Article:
Tuesday, Dec 26, 2023

Why terrorist activity has shifted from Kashmir to Poonch-Rajouri

Kashmir’s strong and layered counter-infiltration (CI) and counter-terrorism (CT) grid makes planning proxy operations difficult. On the other hand, dilution of troop deployment and a chequered history of local support may have led to activity and presence of terrorists shifting there

The Indian Army is not used to persistent negative encounters that upset its tremendous track record in counter-terrorist operations. It does not claim continuous success either, as negative encounters did occur in the past intermittently — although mostly after long intervals. That was when the strength of terrorists was high, intelligence less reliable, and even speculative search and destroy operations were productive in contacts. The recent run of encounters in the depth areas of the Poonch-Rajouri sector have resulted in more losses for the Army than the terrorists, in an environment in which the strength of terrorists is much diluted, but better technologies are available. In addition, while the Kashmir zone — the traditionally more volatile area — is relatively quiet, it’s the Pir Panjal (South) in the Jammu sector which has, in recent months, witnessed more operational activity and presence of terrorists.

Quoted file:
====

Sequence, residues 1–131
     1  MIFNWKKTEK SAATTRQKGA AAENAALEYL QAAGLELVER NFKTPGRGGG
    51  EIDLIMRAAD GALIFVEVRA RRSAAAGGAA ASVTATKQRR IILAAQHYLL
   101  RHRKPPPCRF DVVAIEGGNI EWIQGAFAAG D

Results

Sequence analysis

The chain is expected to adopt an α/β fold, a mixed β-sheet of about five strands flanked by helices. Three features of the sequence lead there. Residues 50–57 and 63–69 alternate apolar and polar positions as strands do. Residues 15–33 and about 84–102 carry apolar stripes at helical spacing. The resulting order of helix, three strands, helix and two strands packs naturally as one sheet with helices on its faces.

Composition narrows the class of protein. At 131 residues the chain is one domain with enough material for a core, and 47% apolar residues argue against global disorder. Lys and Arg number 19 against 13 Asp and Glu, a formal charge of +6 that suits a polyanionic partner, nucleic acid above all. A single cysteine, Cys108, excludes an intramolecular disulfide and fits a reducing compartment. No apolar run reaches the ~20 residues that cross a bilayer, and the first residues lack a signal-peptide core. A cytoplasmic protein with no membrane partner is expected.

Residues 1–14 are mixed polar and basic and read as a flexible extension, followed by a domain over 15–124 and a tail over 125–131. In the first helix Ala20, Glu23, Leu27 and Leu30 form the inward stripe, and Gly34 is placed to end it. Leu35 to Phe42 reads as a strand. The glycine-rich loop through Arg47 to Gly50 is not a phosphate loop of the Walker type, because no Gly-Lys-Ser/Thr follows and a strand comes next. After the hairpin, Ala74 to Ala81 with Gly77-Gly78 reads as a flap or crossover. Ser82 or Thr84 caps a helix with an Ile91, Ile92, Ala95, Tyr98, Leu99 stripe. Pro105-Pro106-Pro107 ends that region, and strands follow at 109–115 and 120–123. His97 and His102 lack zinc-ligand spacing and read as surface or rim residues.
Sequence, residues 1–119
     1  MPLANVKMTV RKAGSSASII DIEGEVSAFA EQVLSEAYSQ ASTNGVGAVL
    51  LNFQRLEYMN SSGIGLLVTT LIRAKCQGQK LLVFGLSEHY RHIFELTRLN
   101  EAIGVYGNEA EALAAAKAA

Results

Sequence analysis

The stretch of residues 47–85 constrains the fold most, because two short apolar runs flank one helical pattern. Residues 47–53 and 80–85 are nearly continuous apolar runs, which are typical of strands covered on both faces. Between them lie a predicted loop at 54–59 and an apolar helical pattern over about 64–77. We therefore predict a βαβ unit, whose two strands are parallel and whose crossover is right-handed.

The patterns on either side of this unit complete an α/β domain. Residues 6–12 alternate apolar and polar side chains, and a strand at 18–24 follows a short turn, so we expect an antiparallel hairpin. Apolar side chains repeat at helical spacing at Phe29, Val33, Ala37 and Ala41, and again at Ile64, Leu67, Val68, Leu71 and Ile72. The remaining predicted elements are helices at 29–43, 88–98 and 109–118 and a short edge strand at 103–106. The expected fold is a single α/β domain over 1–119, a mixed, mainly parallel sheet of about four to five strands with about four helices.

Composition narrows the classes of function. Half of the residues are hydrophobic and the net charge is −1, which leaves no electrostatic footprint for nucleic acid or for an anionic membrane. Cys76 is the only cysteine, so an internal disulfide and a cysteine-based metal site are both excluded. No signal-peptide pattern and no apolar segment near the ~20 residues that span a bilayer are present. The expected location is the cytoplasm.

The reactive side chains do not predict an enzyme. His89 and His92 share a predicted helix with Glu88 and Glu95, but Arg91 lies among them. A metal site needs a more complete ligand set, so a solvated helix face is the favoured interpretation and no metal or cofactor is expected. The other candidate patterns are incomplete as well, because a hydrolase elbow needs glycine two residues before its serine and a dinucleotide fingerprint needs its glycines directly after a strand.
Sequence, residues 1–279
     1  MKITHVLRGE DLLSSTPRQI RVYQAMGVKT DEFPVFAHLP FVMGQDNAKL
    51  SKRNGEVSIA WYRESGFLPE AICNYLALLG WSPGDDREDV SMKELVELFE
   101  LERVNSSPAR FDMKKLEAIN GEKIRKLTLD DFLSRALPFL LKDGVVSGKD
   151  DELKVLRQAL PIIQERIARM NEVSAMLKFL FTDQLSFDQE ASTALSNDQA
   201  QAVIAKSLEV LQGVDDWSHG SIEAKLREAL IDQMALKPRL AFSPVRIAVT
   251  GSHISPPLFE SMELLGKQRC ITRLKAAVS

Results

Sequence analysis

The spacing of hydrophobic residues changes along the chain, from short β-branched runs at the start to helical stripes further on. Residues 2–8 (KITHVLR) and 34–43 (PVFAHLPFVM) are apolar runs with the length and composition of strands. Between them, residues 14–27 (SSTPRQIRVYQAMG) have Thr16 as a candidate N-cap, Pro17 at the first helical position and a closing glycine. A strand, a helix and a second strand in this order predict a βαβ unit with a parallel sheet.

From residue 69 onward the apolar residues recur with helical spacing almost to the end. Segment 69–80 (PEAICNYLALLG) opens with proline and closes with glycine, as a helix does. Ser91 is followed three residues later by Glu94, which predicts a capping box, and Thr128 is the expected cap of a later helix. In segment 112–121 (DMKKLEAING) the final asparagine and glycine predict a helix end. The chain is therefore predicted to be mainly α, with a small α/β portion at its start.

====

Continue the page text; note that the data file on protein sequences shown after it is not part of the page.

Why has terrorist presence and activity shifted to the Poonch-Rajouri sector? The answer is clear. Terrorism is like water; it takes the path of least resistance. Kashmir is too hot for Pakistan to make a strong statement on its “relevance” and “capability to calibrate” — both issues that are important to Pakistan’s doctrine of proxy hybrid war. Kashmir’s strong and layered counter-infiltration (CI) and counter-terrorism (CT) grid makes planning of proxy operations difficult. The Poonch-Rajouri sector has had a chequered history of local support, which enabled Pakistan to establish a strong proxy presence in the forested and rocky tracts of the Pir Panjal (South). Although this waned over time, perhaps some clandestine efforts to re-cultivate the population have occurred in recent years, with some reported antipathy among the Gujjar community. However, there is only speculative evidence of this. The abrogation of Article 370 has also made Kashmir less conducive to separatist trends.